EPA fines Starkist for another environmental violation in American Samoa

By

Bernadette Carreon

Published on
April 17, 2019

The United States Environmental Protection Agency (EPA) has fined StarKist and its subsidiary, Starkist Samoa Co., USD 84,500 (EUR 74,800) for failing to institute the required upgrades needed to reduce water pollution and the risk of releases of hazardous substances coming from its tuna processing facility in American Samoa.

Starkist Samoa Co. owns and operates the tuna processing facility in Tutuila, American Samoa. The American Samoa facility processes and cans tuna for human consumption and processes fish byproducts into fishmeal and fish oil. Starkist Samoa Co. is a subsidiary of StarKist Co., which is owned by South Korean conglomerate Dongwon Industries, one of the world’s largest suppliers of canned tuna. 

In a new release on Monday, 15 April, the EPA said Starkist violated the terms of a 2018 settlement where it agreed to comply with environmental laws. The company, despite the settlement, continued to discharge wastewater into the Pago Pago harbor from its facility, the EPA said.

According to the 2018 settlement, StarKist agreed to pay a USD 6.5 million (EUR 5.8 million) penalty to resolve violations of federal environmental laws. Under the settlement, Starkist was ordered to reduce water pollution and the risk of releases of hazardous substances and provide American Samoa with USD 88,000 (EUR 77,900) worth of emergency equipment for responding to chemical releases. The 2018 settlement also required StarKist to pay USD 200,000 (EUR 177,000) to address alleged Clean Water Act violations found before the original consent decree was finalized by the court.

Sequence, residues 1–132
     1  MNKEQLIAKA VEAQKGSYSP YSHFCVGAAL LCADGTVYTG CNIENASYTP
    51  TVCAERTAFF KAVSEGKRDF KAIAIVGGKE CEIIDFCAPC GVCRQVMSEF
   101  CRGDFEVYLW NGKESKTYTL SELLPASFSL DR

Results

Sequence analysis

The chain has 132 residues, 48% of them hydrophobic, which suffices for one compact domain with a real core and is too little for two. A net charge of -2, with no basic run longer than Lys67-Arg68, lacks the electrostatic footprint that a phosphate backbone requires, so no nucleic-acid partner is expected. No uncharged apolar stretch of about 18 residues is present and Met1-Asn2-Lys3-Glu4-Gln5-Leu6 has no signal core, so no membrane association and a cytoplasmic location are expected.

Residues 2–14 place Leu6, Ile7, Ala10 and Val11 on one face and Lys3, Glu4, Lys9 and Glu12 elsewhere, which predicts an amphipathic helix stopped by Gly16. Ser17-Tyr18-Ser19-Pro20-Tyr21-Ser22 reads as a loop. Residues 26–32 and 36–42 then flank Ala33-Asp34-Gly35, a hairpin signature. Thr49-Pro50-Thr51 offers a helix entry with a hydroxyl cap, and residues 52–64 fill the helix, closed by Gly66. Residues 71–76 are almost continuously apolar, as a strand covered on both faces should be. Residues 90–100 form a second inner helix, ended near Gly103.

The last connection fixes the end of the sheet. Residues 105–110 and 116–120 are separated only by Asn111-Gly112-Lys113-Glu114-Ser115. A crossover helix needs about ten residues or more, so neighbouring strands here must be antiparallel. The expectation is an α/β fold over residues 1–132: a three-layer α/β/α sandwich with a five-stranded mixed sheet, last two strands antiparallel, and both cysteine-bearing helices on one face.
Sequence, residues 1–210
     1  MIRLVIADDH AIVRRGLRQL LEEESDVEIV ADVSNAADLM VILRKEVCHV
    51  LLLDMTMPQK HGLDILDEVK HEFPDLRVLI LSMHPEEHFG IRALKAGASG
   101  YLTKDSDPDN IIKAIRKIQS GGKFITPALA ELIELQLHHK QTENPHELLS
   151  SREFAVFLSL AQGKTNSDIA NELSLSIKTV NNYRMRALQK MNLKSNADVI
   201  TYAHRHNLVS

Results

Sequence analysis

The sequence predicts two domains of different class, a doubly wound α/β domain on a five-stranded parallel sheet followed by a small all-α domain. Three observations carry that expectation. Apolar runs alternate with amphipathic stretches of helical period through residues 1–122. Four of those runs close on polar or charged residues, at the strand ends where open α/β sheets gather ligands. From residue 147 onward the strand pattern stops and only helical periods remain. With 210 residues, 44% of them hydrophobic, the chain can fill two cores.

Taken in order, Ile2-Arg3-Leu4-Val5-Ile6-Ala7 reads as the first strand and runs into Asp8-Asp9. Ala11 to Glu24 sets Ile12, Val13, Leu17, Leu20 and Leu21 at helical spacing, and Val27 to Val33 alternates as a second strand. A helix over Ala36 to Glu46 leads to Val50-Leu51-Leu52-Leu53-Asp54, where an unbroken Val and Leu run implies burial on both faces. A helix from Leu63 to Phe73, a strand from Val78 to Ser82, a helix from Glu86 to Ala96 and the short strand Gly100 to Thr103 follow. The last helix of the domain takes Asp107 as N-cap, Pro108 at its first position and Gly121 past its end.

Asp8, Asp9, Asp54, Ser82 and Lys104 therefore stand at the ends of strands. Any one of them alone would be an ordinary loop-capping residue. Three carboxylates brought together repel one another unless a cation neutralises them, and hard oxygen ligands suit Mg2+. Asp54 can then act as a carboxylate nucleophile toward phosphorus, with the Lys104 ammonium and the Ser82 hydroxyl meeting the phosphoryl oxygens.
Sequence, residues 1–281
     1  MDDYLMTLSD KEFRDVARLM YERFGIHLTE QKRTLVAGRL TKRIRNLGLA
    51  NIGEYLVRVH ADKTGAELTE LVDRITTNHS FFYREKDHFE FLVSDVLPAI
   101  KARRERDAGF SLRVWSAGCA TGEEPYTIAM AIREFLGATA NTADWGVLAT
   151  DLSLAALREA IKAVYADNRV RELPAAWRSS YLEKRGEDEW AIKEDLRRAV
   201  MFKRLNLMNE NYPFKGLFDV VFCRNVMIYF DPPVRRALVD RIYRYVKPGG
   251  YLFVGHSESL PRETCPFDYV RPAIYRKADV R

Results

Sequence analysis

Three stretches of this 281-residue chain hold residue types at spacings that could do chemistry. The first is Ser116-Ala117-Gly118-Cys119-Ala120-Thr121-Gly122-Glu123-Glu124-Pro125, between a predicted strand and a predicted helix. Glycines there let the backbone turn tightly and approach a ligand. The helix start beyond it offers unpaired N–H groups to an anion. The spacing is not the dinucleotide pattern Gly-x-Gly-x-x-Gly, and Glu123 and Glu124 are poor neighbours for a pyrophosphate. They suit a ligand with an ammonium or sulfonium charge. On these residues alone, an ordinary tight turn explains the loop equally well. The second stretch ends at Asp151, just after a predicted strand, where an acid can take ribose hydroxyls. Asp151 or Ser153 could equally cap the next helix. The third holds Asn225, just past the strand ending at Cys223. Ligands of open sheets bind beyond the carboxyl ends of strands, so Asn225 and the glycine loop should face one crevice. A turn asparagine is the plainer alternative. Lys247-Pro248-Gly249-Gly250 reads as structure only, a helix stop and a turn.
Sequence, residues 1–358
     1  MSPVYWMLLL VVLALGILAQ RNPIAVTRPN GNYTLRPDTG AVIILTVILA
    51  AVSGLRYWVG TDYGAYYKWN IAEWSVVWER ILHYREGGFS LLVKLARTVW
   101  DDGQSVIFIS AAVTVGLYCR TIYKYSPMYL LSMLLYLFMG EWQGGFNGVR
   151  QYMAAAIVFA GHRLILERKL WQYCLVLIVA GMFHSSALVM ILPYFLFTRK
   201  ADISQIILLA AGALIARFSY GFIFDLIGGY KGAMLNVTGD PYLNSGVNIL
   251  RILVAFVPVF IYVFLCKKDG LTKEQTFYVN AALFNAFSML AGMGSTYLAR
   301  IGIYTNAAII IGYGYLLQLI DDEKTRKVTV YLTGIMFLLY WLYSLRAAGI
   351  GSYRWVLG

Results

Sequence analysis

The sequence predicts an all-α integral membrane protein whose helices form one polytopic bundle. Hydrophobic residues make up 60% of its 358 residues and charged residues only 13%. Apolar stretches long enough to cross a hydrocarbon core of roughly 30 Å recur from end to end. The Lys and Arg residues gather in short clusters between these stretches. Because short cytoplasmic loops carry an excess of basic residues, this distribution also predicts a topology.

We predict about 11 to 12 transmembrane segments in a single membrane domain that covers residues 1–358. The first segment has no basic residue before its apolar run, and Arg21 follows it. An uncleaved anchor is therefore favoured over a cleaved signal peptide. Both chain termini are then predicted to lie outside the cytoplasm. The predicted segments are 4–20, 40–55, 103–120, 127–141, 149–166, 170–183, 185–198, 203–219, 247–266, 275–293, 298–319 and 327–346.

The American Samoa government has also been a co-plaintiff in the revised action, “formalizing its role as a partner in the implementation of the settlement.”

Starkist was to pay American Samoa USD 2.6 million (EUR 2.3 million) and USD 3.9 million (EUR 3.5 million) to the United States.

The company was planning to expand its operation in American Samoa, Joseph Pereira, the spokesperson for American Samoa Governor Lolo Matalasi Moliga told SeafoodSource in an email. Pereira said Moliga was informed of company's intention to shrink or close its California canning operation and relocate additional production and jobs to the island.

However, to expand its American Samoa facility, the company requires an amendment to its National Pollutant Discharge Elimination System permit. 

“With the anticipated expansion in production consequential to the relocation of the California production facilities, increase waste will result. Accordingly. StarKist requested USEPA consideration of this expected increase in waste as articulated in its application,” Pereira said.

While Moliga supports the move “given significant economic and social implications on the territory economy and the lives of the people,” the amendment has not yet been granted, Pereira said. He said the implementation date has been delayed “until StarKist resolves some of its operating issues and challenges.”

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